lundi 16 janvier 2017

Two Clarifications on Good and Bad Liturgy

First on good liturgy, it was some time since I practised and even longer since I followed a Latin missal while doing so.

When I said that the end of the canon implies Creation together with God the Son, I was referring to cum ipso et in ipso et per ipsum ... however, it is about sit tibi honor et gloria, creation as such is not directly mentioned. But in ipso echoes a Bible verses like Romans 11:36 Quoniam ex ipso, et per ipsum, et in ipso sunt omnia: ipsi gloria in saecula. Amen. Or like Colossians 1:16 Quoniam in ipso condita sunt universa in caelis, et in terra, visibilia, et invisibilia, sive throni, sive dominationes, sive principatus, sive potestates: omnia per ipsum et in ipso creata sunt: - where creation is featured.

On the subject of bad liturgy, I must warn that the proposed changed words Holy Spirit, we praise you, who ... spoke to us through the prophets' voices though not of necessity have an ambiguous bytone I feel I identify.

The classic words in the creed are "who has spoken through the prophets". Implied, normally, through the words recorded in Bible and tradition which the prophets spoke or wrote. The words are now the speech of the Holy Spirit to us.

The change here (though not proposed for the creed, at least not yet) would tend to alter that.

They would tend to suggest that the Holy Spirit back then spoke to the people of God back then through the as yet back then living voices of the prophets - and through their voices, what they wanted to convey in context, rather than through the objective words.

In other words, even back then the Holy Spirit would, on this view, not have actually chosen the words, but the word choice was a human affair of the prophets, and is less important in remaining text than the echo of their living voices as resounding through so called living tradition, that is adaptive and changing tradition to the ones who hear their successors, no doubt the most modernist of Jesuits if in sufficient position.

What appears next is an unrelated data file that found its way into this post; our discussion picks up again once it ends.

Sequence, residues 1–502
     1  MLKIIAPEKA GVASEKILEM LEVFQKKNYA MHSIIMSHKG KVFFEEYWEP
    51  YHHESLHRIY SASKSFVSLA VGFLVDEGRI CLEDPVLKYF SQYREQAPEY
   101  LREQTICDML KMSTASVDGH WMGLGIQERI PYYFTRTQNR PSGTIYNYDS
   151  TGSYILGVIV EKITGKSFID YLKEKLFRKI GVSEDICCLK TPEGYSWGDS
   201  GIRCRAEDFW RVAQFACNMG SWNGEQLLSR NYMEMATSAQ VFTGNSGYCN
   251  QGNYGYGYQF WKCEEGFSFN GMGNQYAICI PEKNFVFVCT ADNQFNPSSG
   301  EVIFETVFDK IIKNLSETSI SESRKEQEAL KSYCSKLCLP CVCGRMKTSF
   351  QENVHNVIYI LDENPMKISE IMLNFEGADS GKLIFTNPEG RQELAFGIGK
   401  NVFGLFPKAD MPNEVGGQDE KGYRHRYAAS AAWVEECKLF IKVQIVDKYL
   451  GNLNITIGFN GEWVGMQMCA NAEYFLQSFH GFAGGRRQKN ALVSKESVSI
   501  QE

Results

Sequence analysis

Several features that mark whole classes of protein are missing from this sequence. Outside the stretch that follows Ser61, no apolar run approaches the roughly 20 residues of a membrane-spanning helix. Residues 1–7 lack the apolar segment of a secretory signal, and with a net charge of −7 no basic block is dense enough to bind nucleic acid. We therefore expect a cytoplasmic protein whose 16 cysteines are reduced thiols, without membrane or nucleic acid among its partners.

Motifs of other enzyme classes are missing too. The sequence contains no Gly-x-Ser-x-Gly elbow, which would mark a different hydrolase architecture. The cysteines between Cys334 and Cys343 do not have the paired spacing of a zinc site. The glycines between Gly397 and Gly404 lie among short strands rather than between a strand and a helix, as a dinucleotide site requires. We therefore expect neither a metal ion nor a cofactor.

Hence, the choice of words in that bad liturgy are such that modernist Church men are encouraged to feel what the voice of the prophets wanted to convey back then, by emotional empathy or such like, and to convey something "equivalent" (as they would consider it) in terms of what "we can understand nowadays". The actual words of Moses of of Daniel of of Baruch or of St John on Patmos become less important.

This is hideous rot, and it is also a precondition for the state of mind which the beginning of Reese's article stated. Without that, we would be - as in reality we are, it is just that they don't think so - obliged to take from the prophets for instance that the universe has a relatively short span of existence, compared to the newly imagined 13.8 billion years, and that man was created perfect in paradise, and fell through the own guilty choice of sin. They don't want that. Hence this spoke to us through the prophets' voices instead of "I believe in the Holy Spirit ... who has spoken through the prophets" - that is, through their actual words, which are preserved for us.

Hans Georg Lundahl
Nanterre UL
St Marcel I, Pope and Martyr

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